Last Updated on 24th August 2018 by Sophie Nadeau
It was only meant to be for a short time. A precautionary measure. Until the end of the war, they said. But indeed, the ghost village of Imber has been abandoned for much more than a mere decade. Evacuated during the Second World War, Imber is one UK ghost town you’ve likely never heard of (but probably should have done)…
The ghost village can be found in the very heart of Salisbury Plain, a chalky grassland in the middle of Wiltshire. Known for its countless tumuli, proximity to the UNESCO site of Stonehenge, over half the plain is now owned by the Military of Defense, including the lost village.
Today, the public, former residents, and family members are seldom allowed to return to Imber, often for just a few weeks each year. In 2017, the church at Imber was open to the public for just four days. And so, earlier this week, on a balmy summer’s afternoon, we ventured to Imber for ourselves, eager to see this ghost town before access is closed to the public forever.
Nags Head, Imber. This former inn was turned into two cottages before the village was abandoned. The brick building is one of the first you’ll come across if you enter the village via Tilshead.
St Giles medieval church is the only building which is recognisable today. Constructed in the 13th-century, it’s home to medieval paintings of a kind of bell ringer’s score sheet, as well as some beautiful stone carvings.
Imber, a traditional farming village in Salisbury
The village of Imber had been inhabited since the 10th-century, perhaps even earlier. Evidence of Roman inhabitation can be found throughout Salisbury Plain. The village itself was first recorded in 967 and was even attested in the Domesday Book of 1086 as having a relatively small population of about fifty.
However, over the centuries, the number of residents grew, and at its peak, inhabitation of Imber hovered around 440 (in the 19th-century). In 1897 the Military of Defense, then known as the War Office, began buying up the land on Salisbury Plain. Over the following decades, they acquired more and more land. During WWI, the manor house of the village, Imber Court, was used to house troops.
An artillery school was built in 1920, while barracks were constructed some years earlier. In Imber itself, the MOD had purchased many of the farms and houses in the village, leasing them back to the inhabitants on an annual basis. By the time 1939 rolled around, the population had shrunk a little and is listed as having been 152.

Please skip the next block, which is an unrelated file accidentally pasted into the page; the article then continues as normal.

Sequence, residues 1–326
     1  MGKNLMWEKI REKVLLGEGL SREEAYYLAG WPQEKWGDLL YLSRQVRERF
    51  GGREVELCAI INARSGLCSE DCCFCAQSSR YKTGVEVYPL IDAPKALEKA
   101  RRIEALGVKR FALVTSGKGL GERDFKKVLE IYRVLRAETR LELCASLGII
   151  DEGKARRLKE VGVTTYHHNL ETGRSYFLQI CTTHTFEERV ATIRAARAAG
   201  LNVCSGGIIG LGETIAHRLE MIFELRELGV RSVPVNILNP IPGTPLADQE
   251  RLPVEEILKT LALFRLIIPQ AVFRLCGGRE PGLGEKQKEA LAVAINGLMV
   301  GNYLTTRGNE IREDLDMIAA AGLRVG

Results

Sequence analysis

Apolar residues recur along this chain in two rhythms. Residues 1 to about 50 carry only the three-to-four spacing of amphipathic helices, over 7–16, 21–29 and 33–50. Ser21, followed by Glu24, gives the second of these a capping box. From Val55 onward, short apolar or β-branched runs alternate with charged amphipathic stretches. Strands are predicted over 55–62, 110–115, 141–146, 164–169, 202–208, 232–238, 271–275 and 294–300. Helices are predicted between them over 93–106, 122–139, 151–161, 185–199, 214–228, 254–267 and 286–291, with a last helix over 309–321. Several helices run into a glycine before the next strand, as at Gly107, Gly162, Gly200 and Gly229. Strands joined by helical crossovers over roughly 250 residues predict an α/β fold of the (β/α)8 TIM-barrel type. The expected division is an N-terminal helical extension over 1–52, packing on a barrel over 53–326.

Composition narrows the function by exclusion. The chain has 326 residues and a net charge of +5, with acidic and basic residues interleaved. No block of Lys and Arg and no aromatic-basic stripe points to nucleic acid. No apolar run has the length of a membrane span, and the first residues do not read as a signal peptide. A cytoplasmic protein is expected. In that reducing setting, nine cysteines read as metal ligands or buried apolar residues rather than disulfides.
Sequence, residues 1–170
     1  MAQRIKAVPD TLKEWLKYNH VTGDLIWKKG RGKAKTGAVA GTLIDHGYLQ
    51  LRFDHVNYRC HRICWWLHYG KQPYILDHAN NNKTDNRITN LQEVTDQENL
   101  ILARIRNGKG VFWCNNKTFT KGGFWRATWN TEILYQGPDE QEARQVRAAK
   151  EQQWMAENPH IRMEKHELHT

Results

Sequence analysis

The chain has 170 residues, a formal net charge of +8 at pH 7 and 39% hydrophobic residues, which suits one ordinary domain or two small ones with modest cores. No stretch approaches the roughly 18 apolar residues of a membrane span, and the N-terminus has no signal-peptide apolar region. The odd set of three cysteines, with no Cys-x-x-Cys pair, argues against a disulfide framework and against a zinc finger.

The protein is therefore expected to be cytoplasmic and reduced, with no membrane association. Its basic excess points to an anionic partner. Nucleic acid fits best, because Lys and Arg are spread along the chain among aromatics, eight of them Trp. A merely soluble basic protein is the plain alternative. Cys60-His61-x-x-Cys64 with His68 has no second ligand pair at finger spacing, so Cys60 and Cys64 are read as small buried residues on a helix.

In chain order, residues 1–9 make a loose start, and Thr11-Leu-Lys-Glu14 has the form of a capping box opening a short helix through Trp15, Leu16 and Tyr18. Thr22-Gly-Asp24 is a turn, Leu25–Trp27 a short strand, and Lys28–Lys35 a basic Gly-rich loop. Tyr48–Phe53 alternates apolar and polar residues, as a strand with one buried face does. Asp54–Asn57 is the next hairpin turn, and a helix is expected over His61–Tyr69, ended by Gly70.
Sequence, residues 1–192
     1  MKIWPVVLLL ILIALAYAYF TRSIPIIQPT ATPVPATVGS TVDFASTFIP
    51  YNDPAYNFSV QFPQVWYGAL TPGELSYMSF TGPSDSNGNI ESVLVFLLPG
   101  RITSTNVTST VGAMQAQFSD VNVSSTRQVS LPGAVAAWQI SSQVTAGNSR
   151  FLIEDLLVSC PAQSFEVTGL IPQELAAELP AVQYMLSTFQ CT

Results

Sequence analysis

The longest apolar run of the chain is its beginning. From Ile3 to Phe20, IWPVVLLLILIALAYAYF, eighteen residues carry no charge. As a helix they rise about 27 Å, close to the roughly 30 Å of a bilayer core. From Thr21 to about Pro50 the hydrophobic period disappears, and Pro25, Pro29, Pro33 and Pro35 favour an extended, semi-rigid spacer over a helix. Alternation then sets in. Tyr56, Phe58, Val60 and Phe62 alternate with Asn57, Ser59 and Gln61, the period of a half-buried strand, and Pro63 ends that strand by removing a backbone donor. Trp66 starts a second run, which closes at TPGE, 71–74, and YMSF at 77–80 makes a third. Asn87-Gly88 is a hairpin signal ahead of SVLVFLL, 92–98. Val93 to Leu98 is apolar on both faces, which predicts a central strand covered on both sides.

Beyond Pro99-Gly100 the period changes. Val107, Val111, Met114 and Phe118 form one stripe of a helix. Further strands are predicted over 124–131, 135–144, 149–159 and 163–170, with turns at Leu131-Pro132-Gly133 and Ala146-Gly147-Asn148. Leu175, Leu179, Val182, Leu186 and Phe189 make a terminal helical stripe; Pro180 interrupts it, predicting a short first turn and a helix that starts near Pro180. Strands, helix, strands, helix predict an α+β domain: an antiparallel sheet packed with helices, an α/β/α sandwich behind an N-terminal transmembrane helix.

47 days to evacuate Imber
Once upon a time, Imber was a thriving village. A community with generations of the same family name living on site. That was, until one fateful day in 1943, when residents received a letter telling them to pack up their belongings and leave the village for what was to be the final time.
D-Day was swiftly approaching and the army needed a space to practice. Imber, with its lone location, cut off from the rest of the world, was chosen as the perfect place for the MOD to practice, with particular regards to the American allied troops. The villagers were told to evacuate, with the promise that they would be allowed to return following the end of the war.
The Bell Inn, Imber. The publicans continued renewing the Bell’s license well into the 1960s, believing that they’d be allowed to return to the village one day.
They were given just 47 days to leave, informed one chilly winter’s day in the Village Hall. In amongst the chirping of the crickets and the gentle breeze, it’s hard to imagine what that must have been like all those decades ago. The community was soon ripped apart, families sent to live in various villages across the Wiltshire countryside.
And, in a time before the internet or mainline phone connections, it’s said that the blacksmith quite literally died of a broken heart mere months after being evicted from Imber. Most tragically of all, most of the villagers left fairly peacefully, believing that they would be allowed to return following the war. Indeed, the Bell Inn continued renewing its license for two decades after the village was closed to the public.
St Giles Church, Imber
Located in the very centre of the lost village, the 13th-century church of St Giles is the only building still fully standing of the once thriving community. Opened to the public on just a few occasions a year, this beautiful building was constructed in the late 1200s.